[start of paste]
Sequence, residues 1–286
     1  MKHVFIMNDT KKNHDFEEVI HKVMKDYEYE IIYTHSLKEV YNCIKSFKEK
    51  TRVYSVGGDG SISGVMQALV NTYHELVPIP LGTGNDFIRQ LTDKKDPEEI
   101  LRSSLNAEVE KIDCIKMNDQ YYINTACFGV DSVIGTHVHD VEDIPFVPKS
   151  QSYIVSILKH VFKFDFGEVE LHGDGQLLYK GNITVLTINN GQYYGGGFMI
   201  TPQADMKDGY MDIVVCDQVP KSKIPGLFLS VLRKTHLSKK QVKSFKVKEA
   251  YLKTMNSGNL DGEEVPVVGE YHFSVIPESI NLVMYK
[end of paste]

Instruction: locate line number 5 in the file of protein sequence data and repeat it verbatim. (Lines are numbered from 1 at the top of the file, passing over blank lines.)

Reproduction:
   151  QSYIVSILKH VFKFDFGEVE LHGDGQLLYK GNITVLTINN GQYYGGGFMI